Simple derivative securities like futures and put or call options transfer risk in readily understood ways. Futures markets started so farmers could protect themselves from a drop in crop prices that might keep them from covering their costs and being able to keep their farms for another harvest season. Consumers of agricultural commodities (e.g., wheat) could lock in prices that would let them fill their commitments to deliver products made with those commodities (e.g., bread) at the prices they had agreed to sell them, without risk of ruin. These commodity derivatives were also used by pure speculators with no underlying business interest in the price of wheat (or silver or oil) to make large bets on the direction of prices, since the futures markets could be many times larger than the actual physical supply of the underlying commodity. Speculative misbehavior was the inevitable result, and again, the federal government stepped in to regulate the market, this time by creating the Commodity Futures Trading Commission (CFTC), as explained on its web site at http://cftc.gov: …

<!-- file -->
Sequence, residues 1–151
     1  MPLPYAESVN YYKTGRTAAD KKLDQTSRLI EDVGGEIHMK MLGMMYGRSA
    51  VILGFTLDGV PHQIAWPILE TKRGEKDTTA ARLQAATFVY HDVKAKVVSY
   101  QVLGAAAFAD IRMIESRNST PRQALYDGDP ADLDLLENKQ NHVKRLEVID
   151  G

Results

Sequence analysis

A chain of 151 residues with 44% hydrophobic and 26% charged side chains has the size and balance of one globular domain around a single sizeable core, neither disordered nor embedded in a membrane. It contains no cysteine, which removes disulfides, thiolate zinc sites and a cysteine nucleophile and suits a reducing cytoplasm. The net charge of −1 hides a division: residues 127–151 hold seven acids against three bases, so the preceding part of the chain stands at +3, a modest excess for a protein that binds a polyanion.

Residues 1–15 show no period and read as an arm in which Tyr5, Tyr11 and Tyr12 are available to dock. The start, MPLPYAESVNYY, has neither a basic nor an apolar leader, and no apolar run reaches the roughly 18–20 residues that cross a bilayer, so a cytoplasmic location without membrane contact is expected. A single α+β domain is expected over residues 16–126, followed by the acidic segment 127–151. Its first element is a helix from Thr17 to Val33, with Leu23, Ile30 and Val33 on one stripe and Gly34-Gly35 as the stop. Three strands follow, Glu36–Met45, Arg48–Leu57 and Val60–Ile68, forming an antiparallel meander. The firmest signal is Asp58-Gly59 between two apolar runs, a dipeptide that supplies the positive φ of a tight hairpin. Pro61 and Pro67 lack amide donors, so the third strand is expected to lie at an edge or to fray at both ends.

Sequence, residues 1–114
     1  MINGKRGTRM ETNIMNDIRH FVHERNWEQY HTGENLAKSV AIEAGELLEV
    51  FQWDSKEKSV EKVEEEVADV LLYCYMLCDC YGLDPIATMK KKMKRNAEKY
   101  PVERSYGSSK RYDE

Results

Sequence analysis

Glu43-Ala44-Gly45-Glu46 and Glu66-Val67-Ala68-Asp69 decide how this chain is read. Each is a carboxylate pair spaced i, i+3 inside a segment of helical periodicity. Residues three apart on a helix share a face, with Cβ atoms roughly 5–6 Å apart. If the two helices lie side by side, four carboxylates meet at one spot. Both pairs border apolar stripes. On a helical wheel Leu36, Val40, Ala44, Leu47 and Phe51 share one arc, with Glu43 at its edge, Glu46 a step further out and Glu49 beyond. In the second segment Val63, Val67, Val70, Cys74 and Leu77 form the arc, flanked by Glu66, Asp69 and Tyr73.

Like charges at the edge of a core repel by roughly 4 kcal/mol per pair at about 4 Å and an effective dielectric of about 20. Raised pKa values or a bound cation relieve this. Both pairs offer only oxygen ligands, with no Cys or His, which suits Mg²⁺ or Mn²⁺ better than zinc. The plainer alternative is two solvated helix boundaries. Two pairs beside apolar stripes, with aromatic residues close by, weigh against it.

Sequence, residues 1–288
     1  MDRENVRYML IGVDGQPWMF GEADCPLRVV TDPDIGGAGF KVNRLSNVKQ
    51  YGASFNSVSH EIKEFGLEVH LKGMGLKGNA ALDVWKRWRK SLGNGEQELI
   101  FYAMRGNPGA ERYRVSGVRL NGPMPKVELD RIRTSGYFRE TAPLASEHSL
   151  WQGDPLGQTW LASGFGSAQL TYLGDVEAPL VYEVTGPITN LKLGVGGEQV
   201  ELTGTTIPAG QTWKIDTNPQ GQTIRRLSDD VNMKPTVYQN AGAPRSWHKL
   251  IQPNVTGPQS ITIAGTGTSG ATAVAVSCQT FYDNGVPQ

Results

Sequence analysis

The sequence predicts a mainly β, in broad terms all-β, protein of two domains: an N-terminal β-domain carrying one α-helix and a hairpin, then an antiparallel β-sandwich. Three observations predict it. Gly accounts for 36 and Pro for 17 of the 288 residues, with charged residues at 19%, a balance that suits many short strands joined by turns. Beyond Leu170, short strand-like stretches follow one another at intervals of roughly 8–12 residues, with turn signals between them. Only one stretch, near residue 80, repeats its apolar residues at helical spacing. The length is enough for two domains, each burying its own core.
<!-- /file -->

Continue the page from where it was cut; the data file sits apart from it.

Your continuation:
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All notes for this chapter about Stupid Financial Technology Tricks and the Global Economic Collapse

1. Robert C. Merton and Zvi Bodie, “The Design of Financial Systems: Toward a Synthesis of Function and Structure,” Journal of Investment Management 3, no. 1 (First Quarter 2005): http://www.people.hbs.edu/rmerton/Designpaperfinal.pdf

2. http://baselinescenario.com

3. “Financial Crisis for Beginners,” Baseline Scenario, http://baselinescenario.com/financial-crisis-for-beginners/

4. OTC markets are not inherently a bad idea; they work for corporate debt and other securities. A lack of reporting for these toxic derivative securities created a dark market on an unprecedented scale.

5. Carol Loomis, “Robert Rubin on the Job He Never Wanted,” Fortune , November 28, 2007, http://money.cnn.com/2007/11/09/news/newsmakers/merrill_rubin.fortune/index.htm